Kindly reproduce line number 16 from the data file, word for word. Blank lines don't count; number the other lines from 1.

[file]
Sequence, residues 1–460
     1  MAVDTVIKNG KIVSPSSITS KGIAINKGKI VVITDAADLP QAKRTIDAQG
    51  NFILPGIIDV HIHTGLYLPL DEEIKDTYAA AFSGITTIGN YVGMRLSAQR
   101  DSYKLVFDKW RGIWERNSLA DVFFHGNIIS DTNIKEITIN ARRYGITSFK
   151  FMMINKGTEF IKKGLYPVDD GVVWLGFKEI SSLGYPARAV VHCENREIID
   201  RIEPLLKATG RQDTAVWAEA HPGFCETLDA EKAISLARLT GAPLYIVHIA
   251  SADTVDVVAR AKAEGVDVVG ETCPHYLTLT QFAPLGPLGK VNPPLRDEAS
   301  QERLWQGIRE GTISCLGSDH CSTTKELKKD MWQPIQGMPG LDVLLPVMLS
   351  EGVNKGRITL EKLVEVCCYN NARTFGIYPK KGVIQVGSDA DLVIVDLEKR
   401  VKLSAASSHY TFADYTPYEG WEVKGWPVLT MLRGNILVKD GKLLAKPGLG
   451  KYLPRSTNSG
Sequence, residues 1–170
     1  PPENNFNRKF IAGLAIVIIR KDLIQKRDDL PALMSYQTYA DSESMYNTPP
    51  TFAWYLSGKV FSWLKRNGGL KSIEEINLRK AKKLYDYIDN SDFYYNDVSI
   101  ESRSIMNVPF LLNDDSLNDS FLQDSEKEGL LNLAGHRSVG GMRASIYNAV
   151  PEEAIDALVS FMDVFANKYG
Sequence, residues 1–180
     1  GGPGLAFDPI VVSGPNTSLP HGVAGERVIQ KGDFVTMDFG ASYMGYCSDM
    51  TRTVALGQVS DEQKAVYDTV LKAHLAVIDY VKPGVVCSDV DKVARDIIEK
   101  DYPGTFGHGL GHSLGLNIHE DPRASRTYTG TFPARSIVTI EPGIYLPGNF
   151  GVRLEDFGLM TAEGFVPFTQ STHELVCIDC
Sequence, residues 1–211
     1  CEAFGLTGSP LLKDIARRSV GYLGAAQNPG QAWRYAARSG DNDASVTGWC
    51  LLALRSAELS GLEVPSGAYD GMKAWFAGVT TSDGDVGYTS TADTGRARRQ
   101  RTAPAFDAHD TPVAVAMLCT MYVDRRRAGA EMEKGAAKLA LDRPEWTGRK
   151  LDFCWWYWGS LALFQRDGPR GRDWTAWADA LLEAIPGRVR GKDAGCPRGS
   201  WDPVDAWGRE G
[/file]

   151  PEEAIDALVS FMDVFANKYG